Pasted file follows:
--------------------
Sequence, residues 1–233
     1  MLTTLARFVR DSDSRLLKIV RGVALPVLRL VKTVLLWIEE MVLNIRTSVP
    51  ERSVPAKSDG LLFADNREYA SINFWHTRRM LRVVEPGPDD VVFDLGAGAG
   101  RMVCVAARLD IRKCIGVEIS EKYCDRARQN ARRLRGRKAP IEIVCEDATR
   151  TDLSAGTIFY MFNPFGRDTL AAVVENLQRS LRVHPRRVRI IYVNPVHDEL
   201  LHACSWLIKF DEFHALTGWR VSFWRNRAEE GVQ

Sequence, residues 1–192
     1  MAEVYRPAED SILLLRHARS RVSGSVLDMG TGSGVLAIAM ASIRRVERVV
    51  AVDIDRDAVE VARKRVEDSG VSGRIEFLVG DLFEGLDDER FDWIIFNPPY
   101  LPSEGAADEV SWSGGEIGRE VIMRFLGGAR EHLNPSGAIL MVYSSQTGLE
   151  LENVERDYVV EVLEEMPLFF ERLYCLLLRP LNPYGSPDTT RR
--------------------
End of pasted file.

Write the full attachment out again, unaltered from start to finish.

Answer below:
Sequence, residues 1–233
     1  MLTTLARFVR DSDSRLLKIV RGVALPVLRL VKTVLLWIEE MVLNIRTSVP
    51  ERSVPAKSDG LLFADNREYA SINFWHTRRM LRVVEPGPDD VVFDLGAGAG
   101  RMVCVAARLD IRKCIGVEIS EKYCDRARQN ARRLRGRKAP IEIVCEDATR
   151  TDLSAGTIFY MFNPFGRDTL AAVVENLQRS LRVHPRRVRI IYVNPVHDEL
   201  LHACSWLIKF DEFHALTGWR VSFWRNRAEE GVQ

Sequence, residues 1–192
     1  MAEVYRPAED SILLLRHARS RVSGSVLDMG TGSGVLAIAM ASIRRVERVV
    51  AVDIDRDAVE VARKRVEDSG VSGRIEFLVG DLFEGLDDER FDWIIFNPPY
   101  LPSEGAADEV SWSGGEIGRE VIMRFLGGAR EHLNPSGAIL MVYSSQTGLE
   151  LENVERDYVV EVLEEMPLFF ERLYCLLLRP LNPYGSPDTT RR